Radiofrequency Ablation or RFA is a treatment, which uses radiofrequency, a type of heat therapy to destroy the abnormal cells called dysplasia. It can also be used to treat the entire area of Barrett’s oesophagus. The treatment is given during an endoscopy procedure and patients go home the same day.

Before the procedure patients are given a sedative to make them sleepy. A tiny probe is used during an endoscopy to deliver the radiofrequency to the affected parts. The procedure takes about 30-45 minutes depending on how big the area being treated. Some people return to normal activity immediately after treatment, but you may feel nauseous and have chest pain, particularly when eating. This can last for around 5-10 days in most people, although, for a few, the discomfort can last for up to 3 weeks. This treatment is usually repeated two or three times at intervals of two to three months until not only the dysplasia, but also the entire Barrett’s Oesophagus has been removed. Very few people (around 1 in 20) suffer scarring of the oesophagus and if so, the oesophagus may need gentle stretching called a dilatation which is done as part of an endoscopy procedure.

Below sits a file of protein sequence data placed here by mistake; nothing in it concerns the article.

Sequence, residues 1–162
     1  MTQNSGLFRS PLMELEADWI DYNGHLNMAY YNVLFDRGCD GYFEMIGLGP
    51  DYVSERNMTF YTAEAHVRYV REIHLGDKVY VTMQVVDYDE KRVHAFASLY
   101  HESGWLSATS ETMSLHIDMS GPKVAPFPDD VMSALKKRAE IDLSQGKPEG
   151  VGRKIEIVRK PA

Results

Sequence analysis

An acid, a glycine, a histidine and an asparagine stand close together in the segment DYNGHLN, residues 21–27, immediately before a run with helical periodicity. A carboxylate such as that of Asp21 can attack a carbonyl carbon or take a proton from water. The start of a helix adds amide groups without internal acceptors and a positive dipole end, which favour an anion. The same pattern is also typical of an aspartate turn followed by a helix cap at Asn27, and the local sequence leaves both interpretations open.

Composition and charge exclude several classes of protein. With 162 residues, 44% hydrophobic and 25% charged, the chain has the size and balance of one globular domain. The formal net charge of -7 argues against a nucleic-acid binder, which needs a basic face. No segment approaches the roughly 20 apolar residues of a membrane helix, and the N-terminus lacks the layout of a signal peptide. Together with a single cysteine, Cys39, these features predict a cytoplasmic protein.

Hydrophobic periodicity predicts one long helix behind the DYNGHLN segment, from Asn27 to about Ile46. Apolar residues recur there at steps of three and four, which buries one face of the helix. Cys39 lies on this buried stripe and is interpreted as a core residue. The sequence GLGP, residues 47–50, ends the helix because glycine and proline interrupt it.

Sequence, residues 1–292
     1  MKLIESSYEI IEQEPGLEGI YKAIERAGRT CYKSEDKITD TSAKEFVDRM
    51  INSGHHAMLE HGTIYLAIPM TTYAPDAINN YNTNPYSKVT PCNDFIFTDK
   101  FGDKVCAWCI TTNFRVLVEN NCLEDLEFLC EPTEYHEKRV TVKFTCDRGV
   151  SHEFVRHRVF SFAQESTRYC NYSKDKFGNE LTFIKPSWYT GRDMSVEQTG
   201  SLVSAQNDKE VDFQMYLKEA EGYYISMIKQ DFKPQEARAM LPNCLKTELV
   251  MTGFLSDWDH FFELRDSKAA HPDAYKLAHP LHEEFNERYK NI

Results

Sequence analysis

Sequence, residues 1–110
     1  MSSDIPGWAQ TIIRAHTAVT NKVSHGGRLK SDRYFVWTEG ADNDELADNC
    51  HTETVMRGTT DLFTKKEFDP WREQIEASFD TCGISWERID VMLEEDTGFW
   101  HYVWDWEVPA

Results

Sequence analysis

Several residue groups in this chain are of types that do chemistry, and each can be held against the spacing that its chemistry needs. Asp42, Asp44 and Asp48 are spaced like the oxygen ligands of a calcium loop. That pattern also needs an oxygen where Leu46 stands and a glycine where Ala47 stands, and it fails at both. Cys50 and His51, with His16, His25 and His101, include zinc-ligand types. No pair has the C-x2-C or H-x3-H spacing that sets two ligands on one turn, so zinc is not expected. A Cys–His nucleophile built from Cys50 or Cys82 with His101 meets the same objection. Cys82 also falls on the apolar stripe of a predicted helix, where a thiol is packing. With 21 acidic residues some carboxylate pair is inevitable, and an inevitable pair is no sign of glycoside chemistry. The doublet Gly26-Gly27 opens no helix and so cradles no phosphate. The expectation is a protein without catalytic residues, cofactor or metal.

The outcomes of this treatment for dysplasia are very promising. Approximately 85% of patients have reversal of the dysplasia at the end of the course of treatment, which usually takes a few months to complete. At the moment patients having the treatment have follow-up endoscopies to ensure they remain well.

Although RFA can be used very successfully to completely remove the Barrett’s oesophagus, we do not recommend it unless people already have dysplasia. The reason for this is that most patients will never get dysplasia or cancer and, although the treatment is generally safe, side effects do occasionally occur.